Anne Tyler married an Iranian-American psychiatrist at the age of 22 and this marriage lasted for 34 years until her husband's untimely death from cancer in 1997. She has two children from this marriage and has not remarried. Obviously, she knows a great deal about the intermingling of Iranian and American families. Undoubtedly, there are strong autobiographical threads hidden within the fabric of these characters' fictional lives.
It is Maryam that we readers end up rooting for at the end of this novel. It is her life that we want so much to see changed for the better. Perhaps this is Anne Tyler unconsciously trying to write herself into a less solitary future. Regardless, Maryam is pure magic--a character long to be remembered, a character long to be loved.
Eventually, the families amalgamate into one big happy multiethnic Donaldson-Yazdan Tribe--part Korean, part Chinese, part Iranian...but finally, for all of them, one-hundred percent American.
This is a book about families It is about what is means to be a family. It is also about Americans and what is means to be an American. It is not one of Tyler's masterpieces, but it is delightful and enjoyable on many levels, and I recommend it highly.
I was not disappointed in this -- Tyler blends her wonderful characterizations deftly with descriptions of the food and customs of the country, along with some very insightful writing regarding the feelings of the immigrant in the U.S. I know firsthand (from my mother and her relatives) the longing for assimilation, and the feeling of hopelessness that you will ever be looked at as anything other than an object of curiosity.
Maryam was, to me, by far the most interesting character and the one Anne Tyler herself grew to be the most interested in. She is very different than my own mother, who is an extrovert and LOVES talking about her cultural differences and her past life. Maryam's reserve and dignity are more reflective of the Iranians I have met. I would have liked to have seen Ziba's character developed more. She was young when she emigrated to the U.S. and definitely embraced American life and customs to the nines, but I felt there were some ambivalences there that were touched upon that could have been better developed.
There really isn't much of a plot, and Anne Tyler herself says that plot is the last thing she thinks about when writing her wonderful novels. She is all about character development, and that suits me just fine. The constant shifting of viewpoints got on my nerves a little bit. That is a very popular technique these days, and I can follow it just fine, but after awhile I usually find myself wishing the author had stuck to just two viewpoints. Even as skilled a writer as Anne Tyler can leave the reader feeling that the book was just a little shallow as a result of this. Kind of like having too many people at a party, or more acquaintances than real friends. Luckily, Maryam is such a fascinating character, the book works well.
Bitsy Donaldson, the American mother, is an organizer and planner and conceives the idea of an arrival party each year to celebrate the day both girls, Jin-Ho and Sooki (later Americanized to Susan), arrived in America. The families are quite different, drawn together only by August 15, 1997, the date they both received Korean daughters. Their differences are the basis of this book, the exploration of the outsider in all of us and the drive to be accepted.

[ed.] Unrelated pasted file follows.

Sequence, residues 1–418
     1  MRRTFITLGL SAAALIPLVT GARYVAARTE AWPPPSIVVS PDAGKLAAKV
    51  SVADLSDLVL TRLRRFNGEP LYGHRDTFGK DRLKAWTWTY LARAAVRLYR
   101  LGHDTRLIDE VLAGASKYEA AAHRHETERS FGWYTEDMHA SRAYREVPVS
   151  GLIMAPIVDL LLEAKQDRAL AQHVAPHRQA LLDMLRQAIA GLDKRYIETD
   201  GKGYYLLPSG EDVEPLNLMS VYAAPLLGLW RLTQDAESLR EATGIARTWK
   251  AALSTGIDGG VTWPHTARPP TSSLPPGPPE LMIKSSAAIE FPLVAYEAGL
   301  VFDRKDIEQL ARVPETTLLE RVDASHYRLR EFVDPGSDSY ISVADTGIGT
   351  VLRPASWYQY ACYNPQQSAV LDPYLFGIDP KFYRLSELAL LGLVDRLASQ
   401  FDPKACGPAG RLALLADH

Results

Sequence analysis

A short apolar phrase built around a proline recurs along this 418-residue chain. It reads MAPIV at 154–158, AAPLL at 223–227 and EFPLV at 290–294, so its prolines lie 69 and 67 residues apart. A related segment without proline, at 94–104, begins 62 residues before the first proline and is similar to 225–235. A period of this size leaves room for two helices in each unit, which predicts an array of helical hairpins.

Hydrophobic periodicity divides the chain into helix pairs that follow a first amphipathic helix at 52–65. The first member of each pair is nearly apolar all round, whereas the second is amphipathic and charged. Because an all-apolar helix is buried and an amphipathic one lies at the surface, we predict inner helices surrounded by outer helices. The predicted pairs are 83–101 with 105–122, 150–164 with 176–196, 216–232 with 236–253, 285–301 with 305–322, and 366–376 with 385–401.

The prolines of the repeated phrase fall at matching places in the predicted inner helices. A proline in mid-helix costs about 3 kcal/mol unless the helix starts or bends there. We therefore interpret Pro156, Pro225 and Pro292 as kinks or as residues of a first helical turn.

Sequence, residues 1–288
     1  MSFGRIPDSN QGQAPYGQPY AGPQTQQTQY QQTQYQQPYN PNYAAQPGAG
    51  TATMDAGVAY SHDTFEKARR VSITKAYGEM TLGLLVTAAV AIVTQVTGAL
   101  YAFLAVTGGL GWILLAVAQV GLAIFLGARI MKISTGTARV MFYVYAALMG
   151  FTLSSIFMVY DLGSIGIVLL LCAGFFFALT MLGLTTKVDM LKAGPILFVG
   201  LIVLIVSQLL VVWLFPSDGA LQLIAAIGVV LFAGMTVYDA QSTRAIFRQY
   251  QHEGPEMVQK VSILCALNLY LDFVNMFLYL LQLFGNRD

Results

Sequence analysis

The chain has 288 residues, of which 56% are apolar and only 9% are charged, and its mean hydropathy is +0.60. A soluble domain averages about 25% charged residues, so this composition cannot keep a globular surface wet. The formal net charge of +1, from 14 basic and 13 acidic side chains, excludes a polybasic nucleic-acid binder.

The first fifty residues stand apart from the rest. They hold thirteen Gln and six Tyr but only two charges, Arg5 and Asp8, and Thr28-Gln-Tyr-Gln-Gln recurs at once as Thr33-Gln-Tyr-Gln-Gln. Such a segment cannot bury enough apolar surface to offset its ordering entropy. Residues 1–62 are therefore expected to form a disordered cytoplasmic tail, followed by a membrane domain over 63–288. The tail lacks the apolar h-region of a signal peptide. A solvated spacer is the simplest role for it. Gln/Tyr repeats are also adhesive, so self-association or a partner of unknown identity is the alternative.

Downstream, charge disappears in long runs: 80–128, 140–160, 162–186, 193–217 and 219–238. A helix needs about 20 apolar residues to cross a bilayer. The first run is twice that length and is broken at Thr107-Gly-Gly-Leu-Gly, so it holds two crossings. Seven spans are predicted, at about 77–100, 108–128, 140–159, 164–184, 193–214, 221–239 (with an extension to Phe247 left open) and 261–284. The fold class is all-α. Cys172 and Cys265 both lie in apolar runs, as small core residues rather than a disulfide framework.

Bitsy's family is traditional American, never doubting their way is the right way, but very politically correct about accepting the traditions of foreigners. Susan's adopted parents, Ziba and Sami, want to fit in and be accepted as Americans on the one hand, while laughing and mocking American ways on the other. Although they grew up in America. they have always been "outsiders" and continue to embellish on that by adopting a Korean baby. Perhaps they felt that by Americanizing her name and clothing they would make her an insider. The Donaldsons, however, are intrigued by their baby's other-world culture and embrace it without realizing how they are making her an outsider in her own family.
But beyond the parents and the children, this is the story of Susan's paternal grandmother, Maryam Yazdan, the ultimate stranger in a strange land. Although she has been in America for most of her adult life, she feels removed and not part of her adopted country and yet, she knows that she would be as out of place back in her birth country. Tyler weaves Maryam into a love story, very touching and poignant in its portrayal of love in the golden years after the death of a long-time spouse. Will the outsider be able to accept an insider or will that insider destroy the relationship by constantly reminding her of her foreignness?
Anne Tyler has a beautiful gift and it is that she can create characters that seem so real, you forget they are only fictional. In this book particularly, I felt as if the Donaldsons and the Yazdans were my neighbors and I loved every minute I spent in their homes. Also, if you ever indulged in the childhood pastime of digging to China, you will fall in love with the very clever title of this book.